I needed a stereo in the den of my new home and did not really want to spend much money. When moving I found a older car stereo I no longer used and a few speakers. I also knew I had a old PSU laying around so I decided to make a cheap stereo out of things I had. I spent $5 total on building this and it took me just a few hours.
Speaker boxes (homemade is an option)
A box to put them in (make sure to measure the size of your stereo plus your PSU, which I failed to do)
Wire strippers and crimps
Something for cutting the box.
Teachers! Did you use this instructable in your classroom?
Add a Teacher Note to share how you incorporated it into your lesson.
Step 1: Gather Supplies
Get all the things needed to begin.
Step 2: Which Wires Go Where??
*Make sure PSU is NOT plugged in to anything!!!*
To begin. Get the big plug from the PSU containing many different colored wires. You only need 2 for this. The green one and any black one. All black are ground. You have two options.
1) Connect the 2 pins like in the picture
2) Cut the 2 wires, strip them, crimp the together.
I did option 2 because it seems less likely to come apart.
From the other set of cables on the PSU choose one black and one yellow. Strip both of these. They will be needed in the next step.
From the car harness get your yellow and red wire (usually its these colors) Strip them about an inch down and twist them together.
Next connect these with the yellow from the PSU and crimp these together.
Get the black ground wire from the harness and strip it and connect it with the black from the PSU.
If done correctly you can now test out the unit. Plug in power to PSU and the harness to stereo. It should power on if done correctly.
Step 3: The Box
I used a wooden box from Michael's that I got for $2.50 with a coupon that comes every week in the mail :]
Measure twice cut once
Do as I say, not as I do.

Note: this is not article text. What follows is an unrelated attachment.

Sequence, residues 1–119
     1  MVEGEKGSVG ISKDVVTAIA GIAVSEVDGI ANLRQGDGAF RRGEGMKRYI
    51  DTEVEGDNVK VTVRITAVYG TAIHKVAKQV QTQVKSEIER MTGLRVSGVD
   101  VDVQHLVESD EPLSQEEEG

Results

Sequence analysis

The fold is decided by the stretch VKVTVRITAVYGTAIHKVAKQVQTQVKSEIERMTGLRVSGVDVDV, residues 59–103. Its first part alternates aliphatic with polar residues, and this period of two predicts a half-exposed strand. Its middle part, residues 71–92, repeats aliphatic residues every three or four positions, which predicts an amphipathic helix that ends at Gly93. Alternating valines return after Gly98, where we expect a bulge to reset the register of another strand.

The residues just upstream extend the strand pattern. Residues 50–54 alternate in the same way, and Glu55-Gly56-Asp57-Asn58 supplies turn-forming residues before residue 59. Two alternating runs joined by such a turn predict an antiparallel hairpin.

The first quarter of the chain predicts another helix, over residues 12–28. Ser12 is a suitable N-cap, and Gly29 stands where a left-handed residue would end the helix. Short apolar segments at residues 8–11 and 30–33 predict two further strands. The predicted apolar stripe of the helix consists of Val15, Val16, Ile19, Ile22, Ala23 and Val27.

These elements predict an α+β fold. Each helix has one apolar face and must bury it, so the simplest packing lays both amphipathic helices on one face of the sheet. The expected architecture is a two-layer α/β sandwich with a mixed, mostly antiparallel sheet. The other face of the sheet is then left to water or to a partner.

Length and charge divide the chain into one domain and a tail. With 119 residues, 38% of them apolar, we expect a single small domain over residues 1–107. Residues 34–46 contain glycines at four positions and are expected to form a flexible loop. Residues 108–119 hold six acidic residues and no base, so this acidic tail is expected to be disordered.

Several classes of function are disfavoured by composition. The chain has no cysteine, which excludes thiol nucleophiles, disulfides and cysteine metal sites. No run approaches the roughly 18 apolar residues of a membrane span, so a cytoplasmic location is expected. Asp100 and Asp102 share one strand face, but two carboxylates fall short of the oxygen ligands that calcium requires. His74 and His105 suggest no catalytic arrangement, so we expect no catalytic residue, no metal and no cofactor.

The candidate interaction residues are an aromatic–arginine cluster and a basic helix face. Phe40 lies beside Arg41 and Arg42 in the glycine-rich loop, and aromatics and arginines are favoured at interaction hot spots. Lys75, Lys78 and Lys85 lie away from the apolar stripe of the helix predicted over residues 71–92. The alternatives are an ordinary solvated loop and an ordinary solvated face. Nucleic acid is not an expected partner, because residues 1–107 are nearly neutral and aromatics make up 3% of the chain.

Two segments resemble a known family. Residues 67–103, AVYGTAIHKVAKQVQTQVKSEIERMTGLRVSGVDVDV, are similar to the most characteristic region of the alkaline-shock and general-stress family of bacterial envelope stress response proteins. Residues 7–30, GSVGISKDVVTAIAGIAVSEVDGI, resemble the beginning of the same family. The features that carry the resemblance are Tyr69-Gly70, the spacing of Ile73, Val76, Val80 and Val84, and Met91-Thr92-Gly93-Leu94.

I measured the stereo and then roughly measured on the box. I cut a bit smaller than needed because making the hole bigger is easier than cutting a whole nex box.
I used a x-acto knife and a pocket knife because that's all I had available at the time and it did a horrible job. But for me this is more of a temporary installation so that's okay.
Cut a hole for the PSU plug also.
Drill plenty of vent holes for the PSU fan to blow out. Cutting out a square might be even better. More than what i did is definitely needed.
Holes for the wires are also a necessity. Size depends on wire thickness.
Step 4: Assemble
Put everything in the box and if done right should come out good. (Unlike mine.)
Step 5: Wiring Speakers
You can run as many speakers as allowed by your headunit. I have 4 extra Sony XPLODs laying around but only wanted 2. They are more than enough for me. Seeing as how they are new they were still in the cardboard boxes so i cut out a hole and left them there. The "box" does the job.
To wire them follow your headunit instructions. Simple enough. You can add front and rear speakers for surround sound if wanted. If you have and AUX port on it then you can plug it in to your TV and have a surround sound system.
Step 6: Pros and Cons
The Current setup is a simple practice run. I plan on getting real speaker boxes and a bigger box for the headunit and properly cutting it. This will all be at a later time.
Can run multiple speakers. I can run 4 and have heard off some people running a sub and amp too!
Can use old materials and be even cheaper!
I can watch videos on mine and it has radio and AUX in and a SD card slot!
Mine actually has RCA inputs so if I wanted to I could plug in any RCA out device and view it on the 8" screen.
Sound quality depends on quality of materials, so this can go both ways.
If you dont have any of these things it can be pricey.
You have the chance of frying your equipment if done wrong.
I personally like this and can post a video of it in action if requested by anyone.
Hopefully you enjoyed my first 'ible and maybe I'll make a version 2 someday.
Thanks for viewing :]